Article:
You could certainly get depressed reading many of the local commentaries on the current state of the Northern Ireland economy. This is not helped by some of the doomsday talk around the cuts in public expenditure being bandied about and the resulting slash and burn policies expected. Fortunately my own experience in visiting a wide range of companies in recent months points to a less gloomy prognosis albeit that the ‘good old days’ of the last decade are now well and truly buried.
For many companies demand remains weak, but in most sectors is recovering. Pricing pressures remain intense and margin erosion is widespread. Manufacturing is largely bouncing back, particularly within the engineering sector though partly driven by re-stocking. CBI surveys point to more encouraging signs here in the months ahead, largely driven by export performance. The large and important food sector continues to grow. It provided much needed stability over the last two years and is a sector which Northern Ireland must continue to nurture and ensure we exploit over the coming years.
Other niche sectors, including ICT and health technologies, continue to impress with strong growth prospects and some very encouraging investment and recruitment underway. While relatively small compared to other sectors, the ICT sector has approaching 800 job vacancies available at nijobs.com, more than any other sector. The retail sector is a more difficult one to read with a striking mix of winners and losers. There is no doubt that the boom days in the border regions are over as sterling recovers and the Republic of Ireland starts to address its unsustainable cost base. Overall demand is still holding up, assisted by the 31 per cent of the workforce employed by the public sector. Despite the ‘cuts’ in the public sector, overall public expenditure will be higher this year than last – real cuts are however coming in 2011.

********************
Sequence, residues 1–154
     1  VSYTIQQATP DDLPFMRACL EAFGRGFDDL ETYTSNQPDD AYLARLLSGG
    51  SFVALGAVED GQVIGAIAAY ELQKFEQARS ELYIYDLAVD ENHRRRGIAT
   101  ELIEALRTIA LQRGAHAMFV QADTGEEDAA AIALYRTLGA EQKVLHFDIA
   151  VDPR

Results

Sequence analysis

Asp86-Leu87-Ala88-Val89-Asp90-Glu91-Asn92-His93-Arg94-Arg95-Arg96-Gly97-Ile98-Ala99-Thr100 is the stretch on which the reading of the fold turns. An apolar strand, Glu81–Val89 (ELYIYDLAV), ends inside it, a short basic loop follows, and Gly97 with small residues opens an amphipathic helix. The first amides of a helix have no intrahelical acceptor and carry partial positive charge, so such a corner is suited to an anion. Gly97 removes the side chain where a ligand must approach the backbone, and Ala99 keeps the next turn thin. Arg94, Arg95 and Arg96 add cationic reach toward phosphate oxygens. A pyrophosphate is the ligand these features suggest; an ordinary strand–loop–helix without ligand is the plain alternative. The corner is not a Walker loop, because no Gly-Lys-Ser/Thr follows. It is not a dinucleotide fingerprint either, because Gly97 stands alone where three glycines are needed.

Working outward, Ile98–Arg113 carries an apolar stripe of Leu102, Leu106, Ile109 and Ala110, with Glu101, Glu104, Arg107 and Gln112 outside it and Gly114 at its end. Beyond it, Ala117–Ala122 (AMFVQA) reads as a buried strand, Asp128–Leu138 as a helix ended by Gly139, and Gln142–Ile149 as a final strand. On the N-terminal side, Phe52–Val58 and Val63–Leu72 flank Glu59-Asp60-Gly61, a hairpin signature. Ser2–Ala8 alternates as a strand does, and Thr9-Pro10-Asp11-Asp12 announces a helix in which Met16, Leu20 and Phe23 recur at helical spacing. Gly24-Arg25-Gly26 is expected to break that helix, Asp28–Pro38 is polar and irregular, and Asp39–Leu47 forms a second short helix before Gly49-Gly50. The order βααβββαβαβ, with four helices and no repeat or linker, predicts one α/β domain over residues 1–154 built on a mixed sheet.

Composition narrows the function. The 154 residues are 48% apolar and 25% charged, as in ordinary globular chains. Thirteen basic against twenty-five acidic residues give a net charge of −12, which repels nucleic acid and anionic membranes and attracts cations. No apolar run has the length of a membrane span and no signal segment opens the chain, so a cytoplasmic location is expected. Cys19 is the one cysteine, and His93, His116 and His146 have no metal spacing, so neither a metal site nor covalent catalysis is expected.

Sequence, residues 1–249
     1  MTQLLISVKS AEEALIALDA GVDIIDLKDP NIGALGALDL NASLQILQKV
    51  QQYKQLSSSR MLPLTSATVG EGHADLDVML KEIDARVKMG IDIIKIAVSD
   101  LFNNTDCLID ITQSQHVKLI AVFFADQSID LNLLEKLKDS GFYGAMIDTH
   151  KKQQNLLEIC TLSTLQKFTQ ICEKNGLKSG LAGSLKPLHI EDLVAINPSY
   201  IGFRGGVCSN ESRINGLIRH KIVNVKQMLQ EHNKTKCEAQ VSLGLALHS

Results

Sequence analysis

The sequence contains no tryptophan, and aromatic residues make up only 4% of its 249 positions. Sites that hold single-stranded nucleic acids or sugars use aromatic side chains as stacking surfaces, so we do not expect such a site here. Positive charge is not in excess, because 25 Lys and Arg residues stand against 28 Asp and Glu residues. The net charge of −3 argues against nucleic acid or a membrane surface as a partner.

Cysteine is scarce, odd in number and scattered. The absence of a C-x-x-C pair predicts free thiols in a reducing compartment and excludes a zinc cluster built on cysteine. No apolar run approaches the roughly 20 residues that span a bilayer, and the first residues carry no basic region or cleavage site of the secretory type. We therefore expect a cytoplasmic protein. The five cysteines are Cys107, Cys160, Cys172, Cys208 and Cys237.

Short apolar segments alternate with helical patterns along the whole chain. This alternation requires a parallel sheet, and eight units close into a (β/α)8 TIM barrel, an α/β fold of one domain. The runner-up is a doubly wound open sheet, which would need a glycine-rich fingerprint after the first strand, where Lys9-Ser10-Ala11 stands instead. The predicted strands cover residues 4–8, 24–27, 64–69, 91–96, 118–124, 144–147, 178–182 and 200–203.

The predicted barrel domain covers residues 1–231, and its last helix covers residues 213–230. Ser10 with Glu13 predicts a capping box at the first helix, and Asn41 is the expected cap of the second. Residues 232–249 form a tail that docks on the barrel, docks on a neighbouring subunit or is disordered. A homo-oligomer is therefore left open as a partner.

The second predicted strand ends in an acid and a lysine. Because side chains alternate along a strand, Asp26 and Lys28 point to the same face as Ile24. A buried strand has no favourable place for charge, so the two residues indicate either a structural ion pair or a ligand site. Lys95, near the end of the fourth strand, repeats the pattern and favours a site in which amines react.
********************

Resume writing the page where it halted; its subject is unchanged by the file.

The business service sector on the other hand is more of a mixed bag. CBI surveys indicate that volumes in consumer oriented services remain flat and below normal with real disposal incomes likely to be constrained due to inflation, wage restraint and increasing taxes. Prospects in this sector are likely to remain weak. Business and professional services have stabilised, albeit at low levels, though some sectors such as those linked to the construction sector continue to suffer. Indeed the construction sector would be an area which gives rise to considerable concern and the boom and bust we have experienced since around 2005 is a key reason why Northern Ireland’s economic recovery is lagging the rest of the UK.
While there is good evidence that the housing market has stabilised, building activity remains subdued. It is now becoming clear the public sector capital programme has peaked. Anecdotal evidence points to significant delays and uncertainty in capital programmes with a sharp drop in capital expenditure expected in the current year and further reductions expected in future years. For this reason many of our successful construction companies are seeking work outside Northern Ireland. A key policy objective must be to protect the capital programme as much as possible.
Our exposure to the Republic of Ireland, which has suffered the worst recession of any country across the globe in the last two years, has impacted on our export performance and reduced jobs for those who used to commute south on a daily or weekly basis. This is also contributing to Northern Ireland’s lagging performance at the moment, but I expect that will reverse over the coming years as the Irish economy picks up momentum.
Various forecasters are indicating growth of just under 1 per cent this year for Northern Ireland, and just under 2 per cent in 2011.